PARENTS
05/29/2018 16:42 EDT | Updated 06/01/2018 09:12 EDT

The Truth About Pregnancy Hemorrhoids Is A Pain In The Butt

A perfect storm of pregnancy-related side effects triggers them.

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No one really goes into pregnancy thinking their body will escape completely unscathed, right?

By now we're all fairly well-read about the possibility of vaginal tearing, incontinence, stretch marks, abdominal separation, hair loss,cracked nipples and sagging breasts that can come after carrying, birthing, and feeding a human baby. It's just such a magical time!

But while many women may be expecting some bodily changes, especially down below, they might want to prepare themselves for troubles a little bit lower ...

We're talking 'bout butts

Up to 35 per cent of pregnant women suffer from hemorrhoids, which are swollen veins in the rectum or anus, and as pleasant as they sound. One study found that, in some populations, up to 85 per cent of pregnancies are affected by the burning, painful, bloody butt menaces.

"Almost all women have hemorrhoids during pregnancy to a greater or lesser degree," Dr. Mary Jane Minkin, a clinical professor of obstetrics and gynecology at Yale University, told The Bump.

"Hemorrhoids can range in size from as small as a raisin to as large as a grape. They can be merely itchy or downright painful and may even cause rectal bleeding, especially when you have a bowel movement," BabyCenter noted.

The Bump explains that a perfect storm of pregnancy-related side effects triggers them: constipation that causes straining, higher progesterone levels that can cause the blood vessels to swell, increased blood volume that just makes the veins more swollen in general, and the weight of the baby in the uterus that can push those suckers right out.

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In through the nose. Out through the mouth.

Cool, cool.

No one wants to talk about hemorrhoids. Probably because they're gross.

For something that's so common, people don't really talk about pregnancy hemorrhoids the same way they do about morning sickness or needing adult diapers after childbirth. And many women aren't prepared for the reality of reaching around their backside to see what's hurting so much and touching what feels like a small bushel of grapes.

"When you read about hemorrhoids, you think, It won't happen to me," Brampton, Ont. mom Callie Brenshaw (which is a psuedonym) told Today's Parent.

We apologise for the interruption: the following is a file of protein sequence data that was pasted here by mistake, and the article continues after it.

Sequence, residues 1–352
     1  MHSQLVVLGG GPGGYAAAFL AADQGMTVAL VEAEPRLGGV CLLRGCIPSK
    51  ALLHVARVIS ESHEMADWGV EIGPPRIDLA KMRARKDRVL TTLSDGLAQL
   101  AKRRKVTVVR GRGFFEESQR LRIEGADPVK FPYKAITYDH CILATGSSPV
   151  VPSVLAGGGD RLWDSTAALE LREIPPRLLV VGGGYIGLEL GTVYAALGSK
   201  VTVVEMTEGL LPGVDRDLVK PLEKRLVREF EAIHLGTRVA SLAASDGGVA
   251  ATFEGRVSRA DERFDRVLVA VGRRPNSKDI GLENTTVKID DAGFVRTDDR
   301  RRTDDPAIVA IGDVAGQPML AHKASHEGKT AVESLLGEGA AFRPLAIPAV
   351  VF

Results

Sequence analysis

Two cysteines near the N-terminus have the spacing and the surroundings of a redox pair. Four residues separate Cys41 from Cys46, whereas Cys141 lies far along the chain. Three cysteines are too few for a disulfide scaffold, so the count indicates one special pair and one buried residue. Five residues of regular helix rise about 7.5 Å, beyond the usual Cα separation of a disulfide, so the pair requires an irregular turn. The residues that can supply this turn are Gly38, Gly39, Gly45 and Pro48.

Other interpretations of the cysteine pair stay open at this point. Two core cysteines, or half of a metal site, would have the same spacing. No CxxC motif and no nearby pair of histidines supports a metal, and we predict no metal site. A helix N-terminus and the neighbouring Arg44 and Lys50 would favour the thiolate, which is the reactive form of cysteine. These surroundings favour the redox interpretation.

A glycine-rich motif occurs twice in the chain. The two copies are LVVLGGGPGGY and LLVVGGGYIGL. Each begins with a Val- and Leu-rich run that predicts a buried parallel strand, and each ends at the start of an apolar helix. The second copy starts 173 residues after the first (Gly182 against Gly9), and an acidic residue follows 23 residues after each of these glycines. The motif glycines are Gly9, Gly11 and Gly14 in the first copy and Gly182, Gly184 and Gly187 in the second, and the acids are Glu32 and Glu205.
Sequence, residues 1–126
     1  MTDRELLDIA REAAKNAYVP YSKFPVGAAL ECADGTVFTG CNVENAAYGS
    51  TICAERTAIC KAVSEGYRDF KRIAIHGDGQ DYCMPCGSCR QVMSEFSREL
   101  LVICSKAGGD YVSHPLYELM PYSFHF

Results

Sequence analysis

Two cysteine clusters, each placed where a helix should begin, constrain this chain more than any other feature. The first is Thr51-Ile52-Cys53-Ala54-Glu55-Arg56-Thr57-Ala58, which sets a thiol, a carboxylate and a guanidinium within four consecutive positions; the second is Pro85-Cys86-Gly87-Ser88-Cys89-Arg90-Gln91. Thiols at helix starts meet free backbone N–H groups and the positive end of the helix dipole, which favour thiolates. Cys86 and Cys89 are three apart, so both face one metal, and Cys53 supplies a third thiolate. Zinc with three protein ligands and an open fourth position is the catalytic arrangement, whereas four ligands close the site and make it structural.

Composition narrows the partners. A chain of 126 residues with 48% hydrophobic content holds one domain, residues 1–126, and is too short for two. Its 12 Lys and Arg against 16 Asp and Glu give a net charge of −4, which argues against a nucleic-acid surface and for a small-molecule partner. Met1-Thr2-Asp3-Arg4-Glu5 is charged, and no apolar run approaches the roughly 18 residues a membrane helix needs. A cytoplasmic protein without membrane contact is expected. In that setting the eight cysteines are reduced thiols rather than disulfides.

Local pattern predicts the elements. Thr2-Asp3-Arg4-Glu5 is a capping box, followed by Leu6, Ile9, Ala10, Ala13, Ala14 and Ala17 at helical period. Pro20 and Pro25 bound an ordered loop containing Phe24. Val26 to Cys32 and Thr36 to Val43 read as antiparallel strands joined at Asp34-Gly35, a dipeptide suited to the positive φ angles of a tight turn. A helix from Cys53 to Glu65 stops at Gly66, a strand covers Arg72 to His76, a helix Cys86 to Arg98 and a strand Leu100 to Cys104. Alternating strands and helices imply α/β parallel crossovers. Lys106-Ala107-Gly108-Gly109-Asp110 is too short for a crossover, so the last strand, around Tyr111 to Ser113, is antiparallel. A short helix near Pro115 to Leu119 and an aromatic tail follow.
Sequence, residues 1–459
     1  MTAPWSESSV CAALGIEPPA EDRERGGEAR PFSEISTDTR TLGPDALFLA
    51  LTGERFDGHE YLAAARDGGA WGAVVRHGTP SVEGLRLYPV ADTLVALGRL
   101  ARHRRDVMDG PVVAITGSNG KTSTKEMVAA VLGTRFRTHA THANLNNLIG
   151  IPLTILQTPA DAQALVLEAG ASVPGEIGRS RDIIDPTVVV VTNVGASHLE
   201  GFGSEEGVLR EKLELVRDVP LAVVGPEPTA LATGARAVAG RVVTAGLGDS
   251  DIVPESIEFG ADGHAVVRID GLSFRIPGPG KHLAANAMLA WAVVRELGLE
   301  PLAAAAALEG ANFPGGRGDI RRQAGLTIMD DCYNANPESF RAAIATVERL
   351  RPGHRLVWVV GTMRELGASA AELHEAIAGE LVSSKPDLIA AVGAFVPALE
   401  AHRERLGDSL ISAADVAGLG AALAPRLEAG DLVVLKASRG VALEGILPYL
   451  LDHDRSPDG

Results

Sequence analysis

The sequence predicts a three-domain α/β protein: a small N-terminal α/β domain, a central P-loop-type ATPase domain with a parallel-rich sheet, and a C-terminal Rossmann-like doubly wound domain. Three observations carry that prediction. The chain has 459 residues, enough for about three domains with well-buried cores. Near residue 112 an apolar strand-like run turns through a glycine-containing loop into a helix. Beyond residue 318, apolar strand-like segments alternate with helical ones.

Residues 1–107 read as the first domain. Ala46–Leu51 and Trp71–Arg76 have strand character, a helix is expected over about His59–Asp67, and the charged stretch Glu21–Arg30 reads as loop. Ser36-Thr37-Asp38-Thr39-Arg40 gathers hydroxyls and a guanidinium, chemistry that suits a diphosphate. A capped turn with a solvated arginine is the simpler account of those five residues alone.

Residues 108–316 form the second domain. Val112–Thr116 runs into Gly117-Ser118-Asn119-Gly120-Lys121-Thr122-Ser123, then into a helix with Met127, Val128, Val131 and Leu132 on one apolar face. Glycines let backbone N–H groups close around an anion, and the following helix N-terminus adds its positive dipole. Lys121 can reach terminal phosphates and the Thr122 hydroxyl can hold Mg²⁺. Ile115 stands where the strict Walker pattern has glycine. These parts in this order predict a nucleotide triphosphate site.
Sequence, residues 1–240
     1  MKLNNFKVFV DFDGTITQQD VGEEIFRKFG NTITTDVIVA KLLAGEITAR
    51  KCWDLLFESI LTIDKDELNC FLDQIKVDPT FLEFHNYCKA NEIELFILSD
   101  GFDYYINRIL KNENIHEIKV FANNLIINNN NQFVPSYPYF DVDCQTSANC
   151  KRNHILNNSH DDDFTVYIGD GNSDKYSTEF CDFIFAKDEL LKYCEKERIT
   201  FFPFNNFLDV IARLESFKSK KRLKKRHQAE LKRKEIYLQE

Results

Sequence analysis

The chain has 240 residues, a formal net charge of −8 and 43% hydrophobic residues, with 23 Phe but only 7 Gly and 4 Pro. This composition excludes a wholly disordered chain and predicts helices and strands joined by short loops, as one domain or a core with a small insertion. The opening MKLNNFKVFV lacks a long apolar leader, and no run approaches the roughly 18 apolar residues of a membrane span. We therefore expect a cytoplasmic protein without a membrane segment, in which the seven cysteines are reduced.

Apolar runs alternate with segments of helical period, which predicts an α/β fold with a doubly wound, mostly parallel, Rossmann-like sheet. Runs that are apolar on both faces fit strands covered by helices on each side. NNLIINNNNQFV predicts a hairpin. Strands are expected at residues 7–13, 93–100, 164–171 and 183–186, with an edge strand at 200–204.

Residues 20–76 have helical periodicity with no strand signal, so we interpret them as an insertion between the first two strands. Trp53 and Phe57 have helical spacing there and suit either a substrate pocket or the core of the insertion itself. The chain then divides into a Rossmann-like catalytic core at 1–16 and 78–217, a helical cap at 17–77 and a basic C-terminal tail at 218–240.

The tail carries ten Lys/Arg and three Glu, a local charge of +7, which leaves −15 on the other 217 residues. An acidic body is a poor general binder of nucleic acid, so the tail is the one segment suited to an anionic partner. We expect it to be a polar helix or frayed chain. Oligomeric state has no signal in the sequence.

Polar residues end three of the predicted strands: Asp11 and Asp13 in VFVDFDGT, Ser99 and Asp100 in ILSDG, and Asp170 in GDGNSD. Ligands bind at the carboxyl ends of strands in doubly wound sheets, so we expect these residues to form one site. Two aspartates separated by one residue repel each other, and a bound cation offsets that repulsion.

"When you're pregnant, you'll hear plenty about the common discomforts of pregnancy like nausea, fatigue, and heartburn. You'll be reassured that it's OK to be scared about labour and delivery because everything will be fine. One thing you won't hear about? Hemorrhoids," mom Kimmie Fink wrote in Romper.

"Maybe it's because most people are too prim and proper to talk about buttholes."

Childbirth doesn't exactly help

So, you know how straining due to constipated poop can trigger hemorrhoids? Imagine what pushing out a baby can do.

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"I've seen things."

"After having a baby — especially after a vaginal delivery — many women develop hemorrhoids," the University of Rochester Medical Center's Obstetrics Division writes on its website. And Baby Center adds that about 25 per cent of women who get hemorrhoids after giving birth STILL HAVE THEM SIX MONTHS LATER.

Come on! Haven't our undercarriages been through enough?

What to do if you get hemorrhoids during pregnancy or childbirth

Although The Bump points out that hemorrhoids are permanent, all hope is not lost. Some women feel no symptoms from them at all, but if you do, you can treat them with:

  • Ice packs
  • Sitz baths
  • Witch hazel pads
  • Baking soda
  • Over-the-counter medications
  • Avoiding constipation with a high-fibre diet, plenty of water, and exercise

A doctor can prescribe a stool softener, the University of Rochester Medical Center's Obstetrics Division adds. If symptoms don't go away after a few days, consult your healthcare provider, they noted.

In the meantime, take solace in the fact that you have grown a human life, and that basically makes you a warrior. Even if it's a pain in the butt.

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